The brutally cold winter months can wreak havoc on your pressure washer, causing expensive and sometimes permanent damage to the pump and fuel system. You can prevent freezing temperatures from damaging your pressure washer by following these simple steps.
Shut the pressure washer off and disconnect it from the water supply hose.
Disconnect the pressure hose from the spray gun and the high-pressure outlet on the pump. Drain any water from the hose, the gun and the nozzle extension. Wipe these items dry with a soft cloth.
Pull the recoil on the pressure washer about 6 times to remove any liquid in the pump.
Coil the pressure hose around the hose wrap on the pressure washer accessory tray.
Use Pressure Washer Pump Saver to keep the pistons and seals lubricated and to minimize freezing in the pump. Follow the instructions included with the product.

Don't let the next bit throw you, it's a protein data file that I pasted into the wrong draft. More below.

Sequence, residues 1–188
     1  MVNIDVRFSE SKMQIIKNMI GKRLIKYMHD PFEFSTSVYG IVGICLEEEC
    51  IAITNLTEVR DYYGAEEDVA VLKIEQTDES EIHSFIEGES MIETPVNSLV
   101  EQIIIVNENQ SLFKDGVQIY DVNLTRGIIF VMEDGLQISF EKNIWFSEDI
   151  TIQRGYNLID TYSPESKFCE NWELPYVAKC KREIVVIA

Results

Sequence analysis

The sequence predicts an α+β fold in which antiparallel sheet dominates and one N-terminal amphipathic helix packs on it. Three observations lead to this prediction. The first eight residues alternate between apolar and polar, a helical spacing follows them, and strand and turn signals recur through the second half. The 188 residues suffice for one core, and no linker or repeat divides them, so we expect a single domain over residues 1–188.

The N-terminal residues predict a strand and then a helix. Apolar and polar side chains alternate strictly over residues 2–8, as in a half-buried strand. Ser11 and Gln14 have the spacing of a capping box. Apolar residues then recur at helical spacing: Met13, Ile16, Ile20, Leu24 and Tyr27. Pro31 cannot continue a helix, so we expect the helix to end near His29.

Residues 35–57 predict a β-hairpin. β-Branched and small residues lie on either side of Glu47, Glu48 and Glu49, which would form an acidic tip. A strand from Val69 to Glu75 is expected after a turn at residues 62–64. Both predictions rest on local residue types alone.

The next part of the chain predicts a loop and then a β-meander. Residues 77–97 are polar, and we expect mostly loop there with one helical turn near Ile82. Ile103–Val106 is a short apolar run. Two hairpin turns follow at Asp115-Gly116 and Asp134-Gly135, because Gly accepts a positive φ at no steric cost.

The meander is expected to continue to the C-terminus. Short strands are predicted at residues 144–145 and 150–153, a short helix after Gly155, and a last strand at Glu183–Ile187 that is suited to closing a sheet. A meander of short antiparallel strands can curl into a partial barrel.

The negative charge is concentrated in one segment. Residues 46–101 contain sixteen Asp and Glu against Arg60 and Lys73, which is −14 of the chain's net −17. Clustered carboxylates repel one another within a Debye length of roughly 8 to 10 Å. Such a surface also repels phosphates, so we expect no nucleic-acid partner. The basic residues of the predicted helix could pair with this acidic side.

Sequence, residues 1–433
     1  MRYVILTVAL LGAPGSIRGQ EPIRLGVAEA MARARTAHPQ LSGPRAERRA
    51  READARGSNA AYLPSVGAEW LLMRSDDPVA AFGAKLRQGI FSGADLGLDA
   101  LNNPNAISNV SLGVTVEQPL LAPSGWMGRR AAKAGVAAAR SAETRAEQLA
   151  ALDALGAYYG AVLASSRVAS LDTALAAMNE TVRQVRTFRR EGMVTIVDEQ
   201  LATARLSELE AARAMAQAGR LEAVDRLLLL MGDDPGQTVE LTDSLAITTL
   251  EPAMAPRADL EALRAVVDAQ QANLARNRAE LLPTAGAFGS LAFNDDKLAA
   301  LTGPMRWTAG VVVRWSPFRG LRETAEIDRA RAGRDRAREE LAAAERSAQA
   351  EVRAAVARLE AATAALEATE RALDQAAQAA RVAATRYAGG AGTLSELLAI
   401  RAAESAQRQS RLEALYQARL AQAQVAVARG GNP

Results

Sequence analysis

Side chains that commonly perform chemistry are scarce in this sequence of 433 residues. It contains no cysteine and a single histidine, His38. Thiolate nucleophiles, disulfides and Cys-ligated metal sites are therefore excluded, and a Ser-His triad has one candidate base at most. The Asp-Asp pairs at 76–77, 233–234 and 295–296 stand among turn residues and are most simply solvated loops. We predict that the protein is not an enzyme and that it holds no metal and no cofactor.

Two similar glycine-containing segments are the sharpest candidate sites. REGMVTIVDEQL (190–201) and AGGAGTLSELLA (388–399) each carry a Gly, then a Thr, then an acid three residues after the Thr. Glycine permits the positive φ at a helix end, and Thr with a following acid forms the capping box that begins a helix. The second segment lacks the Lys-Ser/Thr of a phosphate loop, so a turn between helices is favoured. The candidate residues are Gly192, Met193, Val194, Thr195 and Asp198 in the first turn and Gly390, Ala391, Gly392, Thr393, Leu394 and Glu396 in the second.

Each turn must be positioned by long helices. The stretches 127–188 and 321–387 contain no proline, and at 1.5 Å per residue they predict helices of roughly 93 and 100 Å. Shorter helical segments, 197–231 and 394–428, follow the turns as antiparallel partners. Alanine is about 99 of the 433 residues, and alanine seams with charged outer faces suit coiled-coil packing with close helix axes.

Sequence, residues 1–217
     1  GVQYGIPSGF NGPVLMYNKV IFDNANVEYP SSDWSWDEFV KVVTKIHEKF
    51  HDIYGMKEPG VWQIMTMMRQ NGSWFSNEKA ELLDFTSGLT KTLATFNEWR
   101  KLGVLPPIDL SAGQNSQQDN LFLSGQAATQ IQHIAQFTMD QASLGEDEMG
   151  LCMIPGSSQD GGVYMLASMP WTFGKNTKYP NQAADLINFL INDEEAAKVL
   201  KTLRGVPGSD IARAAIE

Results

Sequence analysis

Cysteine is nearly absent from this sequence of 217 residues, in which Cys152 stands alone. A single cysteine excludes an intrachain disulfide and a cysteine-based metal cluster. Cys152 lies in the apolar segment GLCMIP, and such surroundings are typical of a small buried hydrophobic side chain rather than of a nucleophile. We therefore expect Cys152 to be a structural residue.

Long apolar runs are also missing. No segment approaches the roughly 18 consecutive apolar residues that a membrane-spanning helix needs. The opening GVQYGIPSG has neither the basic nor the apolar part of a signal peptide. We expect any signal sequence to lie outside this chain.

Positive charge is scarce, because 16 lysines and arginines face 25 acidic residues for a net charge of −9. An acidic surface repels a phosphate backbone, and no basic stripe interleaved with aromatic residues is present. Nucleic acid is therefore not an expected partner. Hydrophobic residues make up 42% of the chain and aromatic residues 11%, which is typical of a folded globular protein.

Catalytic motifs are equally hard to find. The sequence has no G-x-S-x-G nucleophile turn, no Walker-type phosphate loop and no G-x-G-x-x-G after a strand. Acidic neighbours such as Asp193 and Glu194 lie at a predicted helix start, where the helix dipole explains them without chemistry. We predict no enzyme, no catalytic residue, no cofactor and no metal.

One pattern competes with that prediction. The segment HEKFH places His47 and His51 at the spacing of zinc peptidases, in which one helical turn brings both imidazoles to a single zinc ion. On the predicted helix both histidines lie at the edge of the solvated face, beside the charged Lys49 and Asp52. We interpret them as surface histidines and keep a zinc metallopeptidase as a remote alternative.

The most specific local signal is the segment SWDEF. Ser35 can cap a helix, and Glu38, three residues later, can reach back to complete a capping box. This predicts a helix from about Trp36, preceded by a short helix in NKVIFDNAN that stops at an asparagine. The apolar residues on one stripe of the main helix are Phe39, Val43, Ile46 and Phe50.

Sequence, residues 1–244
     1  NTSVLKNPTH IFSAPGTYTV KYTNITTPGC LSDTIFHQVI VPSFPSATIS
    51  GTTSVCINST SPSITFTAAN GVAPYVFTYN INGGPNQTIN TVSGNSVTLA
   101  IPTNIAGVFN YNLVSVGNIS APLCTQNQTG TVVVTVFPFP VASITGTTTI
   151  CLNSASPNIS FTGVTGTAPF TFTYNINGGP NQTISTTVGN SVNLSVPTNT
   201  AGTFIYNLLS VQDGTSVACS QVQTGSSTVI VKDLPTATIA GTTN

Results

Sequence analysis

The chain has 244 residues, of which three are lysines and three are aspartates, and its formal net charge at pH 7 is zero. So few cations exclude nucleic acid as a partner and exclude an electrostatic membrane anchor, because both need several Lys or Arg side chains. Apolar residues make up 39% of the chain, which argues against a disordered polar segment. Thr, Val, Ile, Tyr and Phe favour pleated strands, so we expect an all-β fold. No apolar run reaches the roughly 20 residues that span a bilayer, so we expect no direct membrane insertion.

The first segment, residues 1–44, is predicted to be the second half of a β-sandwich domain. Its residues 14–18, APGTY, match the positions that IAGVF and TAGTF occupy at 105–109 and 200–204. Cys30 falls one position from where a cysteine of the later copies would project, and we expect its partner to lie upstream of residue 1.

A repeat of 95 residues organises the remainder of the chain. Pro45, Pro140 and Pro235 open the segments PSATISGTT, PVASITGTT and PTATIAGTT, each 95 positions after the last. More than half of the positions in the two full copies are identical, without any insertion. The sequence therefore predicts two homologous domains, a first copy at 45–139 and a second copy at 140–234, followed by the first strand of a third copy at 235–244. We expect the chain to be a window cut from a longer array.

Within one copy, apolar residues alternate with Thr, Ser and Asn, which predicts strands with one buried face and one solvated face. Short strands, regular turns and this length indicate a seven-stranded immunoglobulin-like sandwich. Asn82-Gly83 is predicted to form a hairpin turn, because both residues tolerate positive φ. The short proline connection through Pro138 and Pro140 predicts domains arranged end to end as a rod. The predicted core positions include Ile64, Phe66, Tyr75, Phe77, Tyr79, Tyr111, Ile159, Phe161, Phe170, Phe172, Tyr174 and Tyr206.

Drain the gasoline from the fuel tank—your owner's manual has instructions—and run it to burn off any remaining fuel. An alternative is to add fuel stabilizer to the tank of gas, which prevents the fuel from becoming stale and forming gum deposits that can damage the fuel system.
Store the pressure washer in a dry area.
The unloader valve recirculates water to protect the pump from damage. If the unloader valve is defective, replace it using the steps in this repair guide.
Air in the inlet water supply can damage the check valves. If the pump won’t build up pressure due to damaged check valves, follow these steps to replace the check valves.
The pump can be damaged by air in the inlet water supply or by chemicals that remain in the pump body after using the chemical injection system. Follow these steps to replace a damaged pump.
Learn how to get the best results when using a pressure washer.
Spray tips vary in pressure and angle of spray. This guide matches the spray tip to the cleaning job.
Follow this advice to winterize your pressure washer.